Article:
The second part of our first day in LA saw us visit the coeducational academy of St Pius X St Matthias in Downey California.
While I have visited a number of charter schools in the United States, this was my first visit to a Catholic school. St Pius X St Matthias was unusual in that is was an amalgamation of two schools.
St Pius X was a coeducational school operating from 1953-1998. When the girls school St Matthias High School was facing challenges, this was amalgamated wit St Pius, with the boys fazed out over four years to become a single-sex girls school again. The merger was met with great protest from students, parents and staff, with students arranging a protest walkout in February 1995.
Following a study in 2011 from Loyola Marymount University, the decision was made to return to a coeducational campus.
Since then, under the leadership of President Eric Rubalcava and Principal Veronica Zozaya, the school has undertaken a significant campaign to unite not only their current students, but their old-students network, to ensure the school has a strong Catholic identity into the future.
This school is identifiably catholic from the moment you are ‘buzzed-in’ to the administration building. The foyer (seen below) is a testament to this and Catholic imagery adorned the walls of all the halls and classrooms and statues of the Saints were visible everywhere on the grounds.
One special tradition that the school has developed was the keeping of s ship’s bell in their school chapel, which they saw as the heart of their school. Students were encouraged to enter the chapel and to ring the bell if they were encountering a difficult time. The peal of the bell was a calling to other students who may be around to find them in the chapel and to pray for them.
The day we visited marked one month since the Stoneman Douglas High School shooting in Parkland Florida. Students across the country were preparing to walk out of school on this day to voice their protests over the growing gun related violence in US schools. the Students of St Pius X St Matthias were no exception but rather than staging a walkout the students and teachers collaborated to have a day to hear their students voices and to act. Students gathered to pray for the victims and then spent time engaging in activities such as writing letters to the families of the victims of the shooting, writing to their government representatives calling for action or making posters for the larger protest march taking place later in the month. It was heartwarming to see the school united by their shared Catholic values in the face of such a tragedy and acting to promote positive social change.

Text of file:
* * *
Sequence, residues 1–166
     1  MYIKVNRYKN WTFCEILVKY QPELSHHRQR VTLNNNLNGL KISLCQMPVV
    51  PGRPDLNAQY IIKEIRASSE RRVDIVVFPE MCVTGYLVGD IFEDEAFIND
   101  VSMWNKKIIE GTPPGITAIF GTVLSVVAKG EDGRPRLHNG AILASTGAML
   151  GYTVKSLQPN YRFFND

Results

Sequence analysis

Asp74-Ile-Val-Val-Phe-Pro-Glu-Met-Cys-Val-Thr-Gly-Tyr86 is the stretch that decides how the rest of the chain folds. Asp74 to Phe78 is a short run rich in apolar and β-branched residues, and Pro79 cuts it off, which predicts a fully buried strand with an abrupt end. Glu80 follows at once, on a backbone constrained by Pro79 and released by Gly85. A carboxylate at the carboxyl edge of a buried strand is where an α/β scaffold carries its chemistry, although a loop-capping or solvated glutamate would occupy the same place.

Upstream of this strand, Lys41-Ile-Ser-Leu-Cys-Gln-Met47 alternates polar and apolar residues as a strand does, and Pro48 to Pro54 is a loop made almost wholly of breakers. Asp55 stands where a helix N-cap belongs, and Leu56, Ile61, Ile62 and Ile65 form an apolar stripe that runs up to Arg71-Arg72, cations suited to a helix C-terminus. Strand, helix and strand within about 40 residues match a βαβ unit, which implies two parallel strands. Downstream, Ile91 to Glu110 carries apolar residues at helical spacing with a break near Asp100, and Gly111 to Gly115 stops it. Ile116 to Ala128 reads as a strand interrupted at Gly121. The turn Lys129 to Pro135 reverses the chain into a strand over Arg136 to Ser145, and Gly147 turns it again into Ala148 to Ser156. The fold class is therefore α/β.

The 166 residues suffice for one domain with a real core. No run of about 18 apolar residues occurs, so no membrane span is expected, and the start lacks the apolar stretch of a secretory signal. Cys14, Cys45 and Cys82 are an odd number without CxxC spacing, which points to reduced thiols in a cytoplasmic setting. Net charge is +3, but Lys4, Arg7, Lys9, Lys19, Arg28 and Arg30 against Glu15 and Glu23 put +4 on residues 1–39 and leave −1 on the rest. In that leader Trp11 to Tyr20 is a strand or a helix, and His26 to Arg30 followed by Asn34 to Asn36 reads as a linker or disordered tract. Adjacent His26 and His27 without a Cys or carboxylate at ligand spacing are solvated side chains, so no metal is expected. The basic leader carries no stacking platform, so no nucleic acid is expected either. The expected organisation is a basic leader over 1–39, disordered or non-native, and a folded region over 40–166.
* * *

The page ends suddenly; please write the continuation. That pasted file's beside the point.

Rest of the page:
Despite the excellent work the school is doing, it is not without its challenges. The school is still trying hard to build its identity and to re engage their families and their network of past students in the face of poverty and the impact of gang violence. Through their motto (seen below) is ‘Recognise Your Significance; Seize Your Opportunities’, the teachers are trying to build a positive identity for their students by helping them to realise that they are created in the image and likeness of God and that they have limitless potential.
Funding in US Catholic schools is a huge challenge. The School is a diocesan school, but receives no funding from the state or federal government, except for students with additional needs. Subsequently, the schools are funded entirely from the school fees and often require support from the Archdiocese. The school fees are around $8,000 per year but the majority of students are on partial payment plans. The teachers are also paid substantially less in the Catholic system. Teaching in a Catholic school is clearly seen as a calling and teachers are committed to their faith and to witnessing it to their students. This particular challenge is what led to the creation of the role of the President of the academy. Eric’s role is now to reach out to the community to find philanthropic organisations and individuals who might be interested in offering financial support for the school. This made me particularly thankful for the financial stability we enjoy as Australian Catholic schools.
Before we left, we spent some time in their school chapel before the Blessed Sacrament to pray for the the students, teachers and family members of the St Pius X St Matthias community. It was an excellent school and it was a privilege visiting them for the day.